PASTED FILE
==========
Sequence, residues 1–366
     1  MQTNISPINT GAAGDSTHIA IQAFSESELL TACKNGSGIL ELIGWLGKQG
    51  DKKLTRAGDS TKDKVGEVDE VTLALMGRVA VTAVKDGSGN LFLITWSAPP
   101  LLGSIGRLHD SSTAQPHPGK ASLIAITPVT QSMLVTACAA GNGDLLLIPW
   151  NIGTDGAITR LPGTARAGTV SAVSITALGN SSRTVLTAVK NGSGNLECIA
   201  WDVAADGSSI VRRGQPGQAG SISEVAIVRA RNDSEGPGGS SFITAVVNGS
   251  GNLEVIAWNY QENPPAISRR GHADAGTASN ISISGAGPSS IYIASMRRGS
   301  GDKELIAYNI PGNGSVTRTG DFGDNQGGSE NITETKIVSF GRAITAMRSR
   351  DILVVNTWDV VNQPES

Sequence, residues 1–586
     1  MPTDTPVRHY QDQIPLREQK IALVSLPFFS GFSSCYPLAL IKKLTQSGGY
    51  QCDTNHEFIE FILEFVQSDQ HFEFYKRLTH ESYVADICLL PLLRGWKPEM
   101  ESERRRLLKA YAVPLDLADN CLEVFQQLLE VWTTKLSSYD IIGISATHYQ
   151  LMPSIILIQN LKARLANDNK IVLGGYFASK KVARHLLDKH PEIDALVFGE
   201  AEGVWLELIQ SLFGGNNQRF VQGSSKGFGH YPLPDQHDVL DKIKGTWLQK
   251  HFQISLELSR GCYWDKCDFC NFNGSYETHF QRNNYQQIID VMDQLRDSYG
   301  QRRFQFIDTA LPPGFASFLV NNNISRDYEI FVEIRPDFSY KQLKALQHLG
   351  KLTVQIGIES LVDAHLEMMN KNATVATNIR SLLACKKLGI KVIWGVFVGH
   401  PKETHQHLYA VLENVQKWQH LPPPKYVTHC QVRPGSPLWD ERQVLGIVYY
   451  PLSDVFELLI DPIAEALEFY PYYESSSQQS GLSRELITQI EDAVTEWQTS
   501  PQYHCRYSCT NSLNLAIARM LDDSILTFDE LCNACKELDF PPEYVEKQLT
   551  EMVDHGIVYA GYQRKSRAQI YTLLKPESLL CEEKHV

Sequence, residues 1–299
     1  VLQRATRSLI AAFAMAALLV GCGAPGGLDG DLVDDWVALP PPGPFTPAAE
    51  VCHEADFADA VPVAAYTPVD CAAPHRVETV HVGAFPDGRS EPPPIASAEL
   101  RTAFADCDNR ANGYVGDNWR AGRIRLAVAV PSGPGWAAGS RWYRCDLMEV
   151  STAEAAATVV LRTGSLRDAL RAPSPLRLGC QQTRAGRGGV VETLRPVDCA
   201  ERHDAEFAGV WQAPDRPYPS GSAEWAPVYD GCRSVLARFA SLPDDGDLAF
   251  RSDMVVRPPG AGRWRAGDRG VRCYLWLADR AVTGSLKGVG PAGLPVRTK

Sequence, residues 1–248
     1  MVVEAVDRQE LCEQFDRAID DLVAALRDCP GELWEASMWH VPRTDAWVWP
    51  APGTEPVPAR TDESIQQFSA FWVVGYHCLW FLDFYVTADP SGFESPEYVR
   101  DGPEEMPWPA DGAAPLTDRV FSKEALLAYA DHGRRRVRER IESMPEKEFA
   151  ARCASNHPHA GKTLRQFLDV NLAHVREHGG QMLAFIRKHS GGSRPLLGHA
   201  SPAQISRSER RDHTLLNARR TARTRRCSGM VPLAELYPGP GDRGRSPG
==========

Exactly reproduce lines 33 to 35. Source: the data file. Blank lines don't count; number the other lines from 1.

   101  DGPEEMPWPA DGAAPLTDRV FSKEALLAYA DHGRRRVRER IESMPEKEFA
   151  ARCASNHPHA GKTLRQFLDV NLAHVREHGG QMLAFIRKHS GGSRPLLGHA
   201  SPAQISRSER RDHTLLNARR TARTRRCSGM VPLAELYPGP GDRGRSPG